Oil lamps represent the oldest form of artificial light. Scraped-out stone oil reservoirs (Fig. 2) with a wick have been in use for lighting purposes since prehistoric times some 20,000 years ago [1, 2]. The basic conception of oil lamps has remained unchanged although the materials used and the type of construction have been advanced quite a bit. The Dutchman Jan van der Heyden, for example, developed in 1663 a closed oil reservoir for street lanterns [3]. He not only made a detailed description of the production process of the oil lamp and lantern but also of the set of maintenance material the lamp lighters crew needed (Fig. 3).
Combustion Lamp, Fig. 2

Stone oil lamp found in Lascaux, France, 17000 BC (Photograph: Sémhur: Creative Commons 3.0 unported)

Combustion Lamp, Fig. 3

Maintenance set for a lamp lighter of oil street lighting installations around the end of the seventeenth century (Drawing van der Heijden, 1663 [3])

The industrial revolution some 200–250 years ago asked for artificial lighting in industrial premises, and in that period a boom in new developments in the technology of oil lamps is seen, followed by developments of completely new lighting products, such as gas lighting and later electrical lighting. Until the end of the nineteenth century, oil lamps have been in general use, especially for domestic lighting.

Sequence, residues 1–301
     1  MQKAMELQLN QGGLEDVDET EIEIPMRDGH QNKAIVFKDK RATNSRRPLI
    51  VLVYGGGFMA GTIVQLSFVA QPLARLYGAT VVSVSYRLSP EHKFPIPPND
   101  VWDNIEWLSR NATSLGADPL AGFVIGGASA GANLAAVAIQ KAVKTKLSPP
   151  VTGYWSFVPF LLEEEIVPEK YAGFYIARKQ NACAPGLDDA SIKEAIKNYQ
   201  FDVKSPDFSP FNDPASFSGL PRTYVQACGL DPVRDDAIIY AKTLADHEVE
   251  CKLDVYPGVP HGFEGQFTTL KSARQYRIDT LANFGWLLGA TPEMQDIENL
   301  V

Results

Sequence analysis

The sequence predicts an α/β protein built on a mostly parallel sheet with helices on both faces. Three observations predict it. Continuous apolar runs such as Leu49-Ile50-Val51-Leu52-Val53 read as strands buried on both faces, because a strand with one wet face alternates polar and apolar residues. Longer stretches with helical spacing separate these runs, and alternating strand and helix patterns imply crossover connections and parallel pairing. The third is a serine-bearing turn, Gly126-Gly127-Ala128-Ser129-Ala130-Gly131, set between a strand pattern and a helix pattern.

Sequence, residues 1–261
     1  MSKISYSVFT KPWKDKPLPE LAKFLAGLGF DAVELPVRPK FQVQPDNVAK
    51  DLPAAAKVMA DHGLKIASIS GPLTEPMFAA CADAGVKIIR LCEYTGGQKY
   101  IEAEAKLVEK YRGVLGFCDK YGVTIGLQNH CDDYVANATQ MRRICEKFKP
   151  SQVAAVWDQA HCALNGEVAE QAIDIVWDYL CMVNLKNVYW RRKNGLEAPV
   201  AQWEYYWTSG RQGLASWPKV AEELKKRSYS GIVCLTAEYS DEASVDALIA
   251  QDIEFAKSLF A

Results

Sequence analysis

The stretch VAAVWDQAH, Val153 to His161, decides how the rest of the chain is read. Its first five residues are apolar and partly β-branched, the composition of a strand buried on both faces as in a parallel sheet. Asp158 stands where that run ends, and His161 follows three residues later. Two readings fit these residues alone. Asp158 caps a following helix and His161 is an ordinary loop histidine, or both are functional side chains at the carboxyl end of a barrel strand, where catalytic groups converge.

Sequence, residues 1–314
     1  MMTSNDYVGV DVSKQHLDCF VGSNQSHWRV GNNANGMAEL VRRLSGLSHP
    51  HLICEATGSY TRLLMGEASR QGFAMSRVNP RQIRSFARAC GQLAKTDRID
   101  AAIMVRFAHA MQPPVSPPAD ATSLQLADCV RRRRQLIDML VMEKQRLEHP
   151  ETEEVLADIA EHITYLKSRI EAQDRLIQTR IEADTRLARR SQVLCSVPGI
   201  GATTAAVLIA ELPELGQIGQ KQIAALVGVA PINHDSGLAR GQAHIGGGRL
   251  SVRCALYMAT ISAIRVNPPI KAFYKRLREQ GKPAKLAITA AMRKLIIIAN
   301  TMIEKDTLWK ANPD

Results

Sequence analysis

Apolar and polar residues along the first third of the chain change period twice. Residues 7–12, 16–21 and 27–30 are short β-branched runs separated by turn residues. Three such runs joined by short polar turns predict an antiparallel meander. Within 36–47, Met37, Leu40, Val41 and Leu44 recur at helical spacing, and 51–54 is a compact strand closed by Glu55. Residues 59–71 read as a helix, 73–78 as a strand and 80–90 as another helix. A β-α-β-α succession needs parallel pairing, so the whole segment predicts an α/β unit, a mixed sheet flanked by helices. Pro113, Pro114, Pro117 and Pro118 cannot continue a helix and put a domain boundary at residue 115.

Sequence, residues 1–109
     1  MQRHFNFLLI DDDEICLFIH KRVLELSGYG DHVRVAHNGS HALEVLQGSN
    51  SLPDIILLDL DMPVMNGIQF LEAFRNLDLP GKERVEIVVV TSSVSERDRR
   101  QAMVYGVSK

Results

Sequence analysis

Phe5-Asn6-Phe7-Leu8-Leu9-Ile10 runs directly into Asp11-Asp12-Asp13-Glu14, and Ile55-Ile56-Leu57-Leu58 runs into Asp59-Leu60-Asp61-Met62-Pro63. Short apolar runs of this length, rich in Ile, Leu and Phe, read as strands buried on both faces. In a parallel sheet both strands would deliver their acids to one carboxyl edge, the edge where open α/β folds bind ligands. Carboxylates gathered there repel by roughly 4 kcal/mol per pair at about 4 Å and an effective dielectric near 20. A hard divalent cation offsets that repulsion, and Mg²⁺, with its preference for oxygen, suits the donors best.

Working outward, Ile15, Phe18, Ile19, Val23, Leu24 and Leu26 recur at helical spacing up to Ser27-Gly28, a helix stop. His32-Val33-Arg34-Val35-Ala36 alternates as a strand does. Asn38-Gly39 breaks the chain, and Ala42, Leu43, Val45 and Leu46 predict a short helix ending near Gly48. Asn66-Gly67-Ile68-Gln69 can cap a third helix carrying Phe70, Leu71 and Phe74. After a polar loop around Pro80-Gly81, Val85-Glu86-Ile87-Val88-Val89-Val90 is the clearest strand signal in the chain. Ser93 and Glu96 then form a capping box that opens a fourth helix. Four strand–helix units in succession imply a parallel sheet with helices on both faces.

Materials and Construction

The Oil

Vegetal or animal oil, rich in carbon, is used. The type was dependent on the availability in the actual region. In warm areas vegetal oil was made from olives, coconuts, and palms and in more moderate climate regions, from colza, linseeds, and rapeseeds. Animal oil was obtained from fish, whale, or domestic animals. Especially sperm whales were hunted and slaughtered for oil obtained from their head cavities. Around 1850 kerosene (also referred to as paraffin oil) was produced from crude oil (also referred to as petroleum) through a refining distillation process. Quickly it became the standard fuel for oil lamps which became known under the names of paraffin, kerosene, or petroleum lamps.